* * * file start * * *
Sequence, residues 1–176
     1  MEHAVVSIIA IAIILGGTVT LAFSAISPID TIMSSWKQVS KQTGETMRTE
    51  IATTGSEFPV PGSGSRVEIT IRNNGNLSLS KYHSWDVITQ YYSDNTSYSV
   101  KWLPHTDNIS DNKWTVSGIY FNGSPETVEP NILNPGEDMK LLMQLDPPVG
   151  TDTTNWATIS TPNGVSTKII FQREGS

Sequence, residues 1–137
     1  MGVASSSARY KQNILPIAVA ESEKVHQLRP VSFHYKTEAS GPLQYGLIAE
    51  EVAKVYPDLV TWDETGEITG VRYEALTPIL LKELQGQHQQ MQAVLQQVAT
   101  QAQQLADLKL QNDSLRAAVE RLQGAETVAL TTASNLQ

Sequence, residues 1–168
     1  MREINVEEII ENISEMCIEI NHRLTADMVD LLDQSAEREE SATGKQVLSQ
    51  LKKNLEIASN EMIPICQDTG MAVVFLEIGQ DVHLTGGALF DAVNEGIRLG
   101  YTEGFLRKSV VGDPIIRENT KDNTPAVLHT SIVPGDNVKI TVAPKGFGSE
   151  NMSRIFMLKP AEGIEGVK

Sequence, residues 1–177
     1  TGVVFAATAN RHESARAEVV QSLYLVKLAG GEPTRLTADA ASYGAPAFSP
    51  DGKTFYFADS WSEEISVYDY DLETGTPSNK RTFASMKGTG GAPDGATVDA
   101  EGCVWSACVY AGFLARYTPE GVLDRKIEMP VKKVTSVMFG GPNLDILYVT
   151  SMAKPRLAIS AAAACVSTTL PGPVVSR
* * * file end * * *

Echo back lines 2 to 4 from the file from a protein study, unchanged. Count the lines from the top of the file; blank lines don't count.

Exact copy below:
     1  MEHAVVSIIA IAIILGGTVT LAFSAISPID TIMSSWKQVS KQTGETMRTE
    51  IATTGSEFPV PGSGSRVEIT IRNNGNLSLS KYHSWDVITQ YYSDNTSYSV
   101  KWLPHTDNIS DNKWTVSGIY FNGSPETVEP NILNPGEDMK LLMQLDPPVG